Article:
But then, practical concerns have always been an important part of The Expanse. Of the individual storylines, Amos’ and Naomi’s are the most immediately striking. The chance to learn more about Amos’ hellish backstory is more than welcome, and seeing him on his home turf is satisfying enough to have supported an entire season on its own. That his return also ends up bringing back a familiar and unexpected face is just a bonus. Naomi has long been the most underserved member of the core cast, and here, she goes on an arguably misguided rescue mission to save her son from his father’s clutches. Since said father is Marco himself, that both puts her at closest proximity to the season’s central storyline and does the necessary work digging into her own past. Being alone in hostile territory brings out a resourcefulness and determination in a character too often pushed to the sidelines.
Other threads succeed to varying degrees. Avasarala finds herself locked into her usual political machinations, albeit with less power than ever before, and with the family support that kept her grounded in earlier seasons. It’s a relief to see those machinations so immediately and absolutely relevant, and fans of Battlestar Galactica might recognize the back-and-forth struggles of an unstable government negotiating the tensions between deliberation and immediate response. Alex and Bobbie team up to uncover a conspiracy, the actors’ natural chemistry helping to enliven solid material. With Miller gone, Holden is left on clean-up duty, watching from the sidelines as people continue to ignore his warnings, but fans of him begrudgingly white knighting his way through a catastrophe will not be disappointed.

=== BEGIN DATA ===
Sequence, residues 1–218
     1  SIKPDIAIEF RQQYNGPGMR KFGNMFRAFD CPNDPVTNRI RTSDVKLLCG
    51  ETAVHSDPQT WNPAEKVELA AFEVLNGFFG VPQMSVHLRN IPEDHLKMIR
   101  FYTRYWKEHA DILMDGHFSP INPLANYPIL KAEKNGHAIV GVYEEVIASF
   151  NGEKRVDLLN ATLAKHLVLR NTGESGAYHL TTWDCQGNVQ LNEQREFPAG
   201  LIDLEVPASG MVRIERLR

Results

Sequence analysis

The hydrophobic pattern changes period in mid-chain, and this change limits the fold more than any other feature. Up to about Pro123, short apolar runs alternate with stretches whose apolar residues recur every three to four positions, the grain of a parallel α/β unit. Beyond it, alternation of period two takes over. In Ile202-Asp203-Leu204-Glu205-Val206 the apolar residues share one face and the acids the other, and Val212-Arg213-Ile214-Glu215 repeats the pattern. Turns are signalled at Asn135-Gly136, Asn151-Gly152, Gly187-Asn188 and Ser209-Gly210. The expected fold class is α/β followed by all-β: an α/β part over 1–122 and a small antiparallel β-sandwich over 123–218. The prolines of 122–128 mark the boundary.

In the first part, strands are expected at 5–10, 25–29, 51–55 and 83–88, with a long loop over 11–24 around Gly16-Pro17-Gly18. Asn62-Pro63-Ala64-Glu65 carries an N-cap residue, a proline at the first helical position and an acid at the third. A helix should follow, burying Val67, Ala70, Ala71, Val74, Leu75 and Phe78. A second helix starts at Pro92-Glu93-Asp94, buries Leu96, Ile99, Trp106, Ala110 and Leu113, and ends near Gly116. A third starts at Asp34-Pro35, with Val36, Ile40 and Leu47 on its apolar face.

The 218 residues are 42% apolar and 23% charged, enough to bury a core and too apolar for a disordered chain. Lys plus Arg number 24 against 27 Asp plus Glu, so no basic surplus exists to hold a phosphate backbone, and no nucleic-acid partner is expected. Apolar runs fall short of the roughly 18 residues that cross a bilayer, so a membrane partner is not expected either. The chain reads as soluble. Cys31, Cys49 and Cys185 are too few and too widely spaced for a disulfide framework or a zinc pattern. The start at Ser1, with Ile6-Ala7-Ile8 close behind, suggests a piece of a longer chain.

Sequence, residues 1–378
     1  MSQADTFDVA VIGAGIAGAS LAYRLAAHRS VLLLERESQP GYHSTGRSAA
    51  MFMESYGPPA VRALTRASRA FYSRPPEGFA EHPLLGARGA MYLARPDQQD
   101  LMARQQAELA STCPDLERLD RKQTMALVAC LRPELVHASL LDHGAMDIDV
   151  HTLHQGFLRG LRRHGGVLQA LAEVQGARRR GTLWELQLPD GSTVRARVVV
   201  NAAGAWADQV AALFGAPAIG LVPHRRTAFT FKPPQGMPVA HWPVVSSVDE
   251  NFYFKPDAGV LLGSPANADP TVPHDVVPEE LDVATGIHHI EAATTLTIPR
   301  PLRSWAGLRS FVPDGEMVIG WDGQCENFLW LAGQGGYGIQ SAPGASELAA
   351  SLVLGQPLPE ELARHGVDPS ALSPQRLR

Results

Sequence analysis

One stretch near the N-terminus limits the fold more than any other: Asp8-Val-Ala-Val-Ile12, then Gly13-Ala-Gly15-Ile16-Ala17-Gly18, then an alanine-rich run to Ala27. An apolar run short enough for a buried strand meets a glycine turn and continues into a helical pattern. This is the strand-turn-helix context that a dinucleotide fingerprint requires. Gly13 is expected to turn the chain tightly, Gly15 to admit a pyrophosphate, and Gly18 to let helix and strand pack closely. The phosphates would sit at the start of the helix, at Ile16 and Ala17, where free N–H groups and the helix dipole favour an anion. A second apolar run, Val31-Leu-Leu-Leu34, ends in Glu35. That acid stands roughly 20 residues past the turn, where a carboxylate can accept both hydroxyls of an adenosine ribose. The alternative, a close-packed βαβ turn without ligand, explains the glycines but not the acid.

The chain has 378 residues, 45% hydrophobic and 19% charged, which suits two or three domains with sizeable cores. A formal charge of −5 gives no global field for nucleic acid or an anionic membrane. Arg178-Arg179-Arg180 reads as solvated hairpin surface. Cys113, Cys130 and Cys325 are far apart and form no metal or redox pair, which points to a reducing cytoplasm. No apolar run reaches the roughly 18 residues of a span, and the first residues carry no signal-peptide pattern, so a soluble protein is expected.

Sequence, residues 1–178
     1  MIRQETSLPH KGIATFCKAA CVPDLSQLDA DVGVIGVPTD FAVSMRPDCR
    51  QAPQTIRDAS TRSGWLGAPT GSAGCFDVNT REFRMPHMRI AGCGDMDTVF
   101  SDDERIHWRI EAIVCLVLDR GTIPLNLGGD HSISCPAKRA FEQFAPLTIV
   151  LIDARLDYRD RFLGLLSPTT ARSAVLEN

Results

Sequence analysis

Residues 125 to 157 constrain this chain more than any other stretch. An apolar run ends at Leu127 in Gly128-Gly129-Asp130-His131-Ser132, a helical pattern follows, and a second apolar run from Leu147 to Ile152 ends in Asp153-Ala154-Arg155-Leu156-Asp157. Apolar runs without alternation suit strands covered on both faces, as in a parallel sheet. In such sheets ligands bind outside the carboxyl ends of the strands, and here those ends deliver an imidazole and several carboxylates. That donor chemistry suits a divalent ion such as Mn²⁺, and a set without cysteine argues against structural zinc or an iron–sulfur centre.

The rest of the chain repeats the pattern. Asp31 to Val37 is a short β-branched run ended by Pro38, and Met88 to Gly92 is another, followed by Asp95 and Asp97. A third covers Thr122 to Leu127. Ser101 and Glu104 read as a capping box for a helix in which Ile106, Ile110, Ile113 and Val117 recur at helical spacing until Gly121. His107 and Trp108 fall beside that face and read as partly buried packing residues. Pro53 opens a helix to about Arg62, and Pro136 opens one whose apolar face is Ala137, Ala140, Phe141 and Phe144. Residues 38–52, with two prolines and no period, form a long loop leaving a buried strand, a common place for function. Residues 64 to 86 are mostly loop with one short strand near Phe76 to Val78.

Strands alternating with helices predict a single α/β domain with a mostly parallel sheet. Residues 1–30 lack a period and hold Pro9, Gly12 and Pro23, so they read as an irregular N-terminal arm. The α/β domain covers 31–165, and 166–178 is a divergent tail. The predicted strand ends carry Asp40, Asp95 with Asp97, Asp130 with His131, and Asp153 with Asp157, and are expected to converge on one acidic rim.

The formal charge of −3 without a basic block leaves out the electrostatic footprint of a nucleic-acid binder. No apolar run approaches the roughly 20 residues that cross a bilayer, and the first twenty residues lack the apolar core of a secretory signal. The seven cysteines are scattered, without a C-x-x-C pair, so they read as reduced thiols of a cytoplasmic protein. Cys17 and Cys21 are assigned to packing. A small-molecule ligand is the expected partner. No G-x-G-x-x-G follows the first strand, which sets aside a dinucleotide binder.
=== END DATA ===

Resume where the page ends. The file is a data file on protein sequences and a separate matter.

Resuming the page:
None of these storylines are duds, and the ways in which they all interact with one another to varying degrees remains one of the show’s greatest accomplishments. Late in the season, two characters discuss whether it’s worth it to try and help as many people as possible during a crisis: Do you reach out to others, or close ranks and protect your own? The main argument of The Expanse since the very beginning has been that such a debate misses the point: Everything is connected. Everyone is involved, and the more individuals fight for supremacy at the expense of others, the more the whole will suffer. In a cold and hostile universe, there’s no such thing as strangers.